While one of the most famous athletes ever, Lance Armstrong, is pursued with the doggedness of an inquisition for possibly using performance-enhancing drugs, another athlete, South African sprinter Oscar Pistorius, will run on carbon-fibre blades at the upcoming Olympics.
What curious times we live in.
This, too, at what we are told will be the cleanest Olympics ever, with the strictest regime against all ‘unfair’ artificial aides.
Pistorius runs on the blades in place of his missing lower legs. According to Hugh Herr, director of the Biomechatronics Group at the Massachusetts Institute of Technology, the fact that Pistorius will run is a triumph for “equal rights,” and there is “no evidence that the running prostheses allow him to run at a faster pace than is biologically achievable.”
Really? There is “no evidence” that someone who has no lower legs will be able to run faster than they would otherwise if they are allowed to run with artificial legs? That’s like saying there’s no evidence than an armless man, if given super-strong prosthetic arms, would be a better arm-wrestler.
In truth, there’s no need to demonstrate that that the Cheetahs give Pistorius an advantage not “biologically achievable.” It’s obvious. All the complicated tests conducted on Pistorius and his blades in the last few years, with the aim of determining whether they allow him to pump his legs faster than athletes who run on their own legs, have been a waste of time.
The fundamental fact is that he couldn’t run at all without the blades.
Given that this fact is obvious, though, why do many people want to deny it?
Partly, it’s just basic human good nature and hopefulness. Pistorius was born without fibulas and had his lower legs amputated when he was not yet a year old. His is a sad story. But we don’t want his story to be sad; we want it to be ‘inspiring.’ And so, in a sense, it is: Pistorius, not content with the lot nature has given him, has made himself into an athlete of a kind.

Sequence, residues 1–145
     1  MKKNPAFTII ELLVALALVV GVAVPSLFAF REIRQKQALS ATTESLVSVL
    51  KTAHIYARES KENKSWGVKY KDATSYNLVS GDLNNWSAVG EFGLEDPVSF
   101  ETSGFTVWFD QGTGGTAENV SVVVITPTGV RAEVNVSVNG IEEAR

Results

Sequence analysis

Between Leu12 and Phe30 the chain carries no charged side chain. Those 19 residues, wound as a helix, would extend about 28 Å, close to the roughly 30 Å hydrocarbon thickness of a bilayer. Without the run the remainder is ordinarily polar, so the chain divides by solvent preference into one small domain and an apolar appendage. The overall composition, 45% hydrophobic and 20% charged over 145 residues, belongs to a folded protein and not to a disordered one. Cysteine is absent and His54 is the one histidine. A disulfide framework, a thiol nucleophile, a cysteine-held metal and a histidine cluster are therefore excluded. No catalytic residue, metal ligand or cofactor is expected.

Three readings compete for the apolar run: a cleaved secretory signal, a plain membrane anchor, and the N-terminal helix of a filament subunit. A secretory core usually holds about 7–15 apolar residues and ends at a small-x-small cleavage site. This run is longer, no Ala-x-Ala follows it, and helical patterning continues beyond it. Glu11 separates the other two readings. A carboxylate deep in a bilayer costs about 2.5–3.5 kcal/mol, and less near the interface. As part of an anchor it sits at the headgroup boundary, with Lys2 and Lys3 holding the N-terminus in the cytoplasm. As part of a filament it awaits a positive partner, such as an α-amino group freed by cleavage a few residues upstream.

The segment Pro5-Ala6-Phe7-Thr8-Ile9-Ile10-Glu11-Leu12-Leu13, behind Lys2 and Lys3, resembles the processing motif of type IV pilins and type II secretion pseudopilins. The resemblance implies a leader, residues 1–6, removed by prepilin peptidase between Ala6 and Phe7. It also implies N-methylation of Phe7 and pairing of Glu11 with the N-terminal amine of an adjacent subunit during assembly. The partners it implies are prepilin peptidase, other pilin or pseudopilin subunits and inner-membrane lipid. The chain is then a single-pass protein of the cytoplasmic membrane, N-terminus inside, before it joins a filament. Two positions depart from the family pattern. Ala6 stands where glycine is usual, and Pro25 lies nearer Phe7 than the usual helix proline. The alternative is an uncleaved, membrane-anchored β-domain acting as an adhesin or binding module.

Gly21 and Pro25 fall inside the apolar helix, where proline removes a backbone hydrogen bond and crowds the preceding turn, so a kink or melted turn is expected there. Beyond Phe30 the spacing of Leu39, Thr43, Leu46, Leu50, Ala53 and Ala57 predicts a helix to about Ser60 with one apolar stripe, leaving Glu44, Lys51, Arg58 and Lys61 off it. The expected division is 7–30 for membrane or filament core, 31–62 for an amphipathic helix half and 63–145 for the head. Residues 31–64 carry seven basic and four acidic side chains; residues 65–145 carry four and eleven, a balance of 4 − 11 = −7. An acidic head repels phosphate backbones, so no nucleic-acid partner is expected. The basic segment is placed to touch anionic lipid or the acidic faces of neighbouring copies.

But we have an Olympics for athletes of Pistorius’ kind. It’s called the Paralympics. And Pistorius will compete in the Paralympics too, raising the question of what they’re for if “disabled” athletes can also compete, with artificial help, in the Olympics.
Of course, as champions of Pistorius might point out, it’s not just him who’ll be competing in London with artificial or extra-human help. Many events, sailing and horse riding for example, hinge as much on the equipment as the athlete is. But the fact that that many events now included in the Olympics, as well as advanced training techniques, raise uncomfortable questions about what is natural and what is artificial can’t justify the obliteration of the distinction.
The desire to obliterate that distinction, as well as human good nature and hopefulness (indeed, the one is the outgrowth of the other), is what really lies behind the campaign for Pistorius, and many other modern campaigns for ‘equality’. We want things to be better than they are, we want to be better than we are ourselves, and, sometimes, we succeed in making, through our own efforts, things and ourselves better.
But there are also fundamental facts of human nature, and of nature as such, that we cannot change, no matter how hard we try or how badly we want to change them.
One such fact is that a man born without fibulas will never be a runner, in the genuine sense of the word. Another is that human beings are unequal in everything except the most important thing – their humanity – and so attempts to impose ‘equality’ through artificial means in every sphere of life, including what is palpably the least equal – sport – are either bound to fail, or involve a violent distortion of human nature.
The campaign for Pistorius is, like many contemporary campaigns to impose equality through artificial means, not only a case of late-modern piety (piety being the willingness to believe that something is true when it is obviously not), but a self-undermining campaign. The claim that a failure to acknowledge human equality is an act of injustice, is ultimately grounded in the idea of a human nature that is not subject to alteration by human will.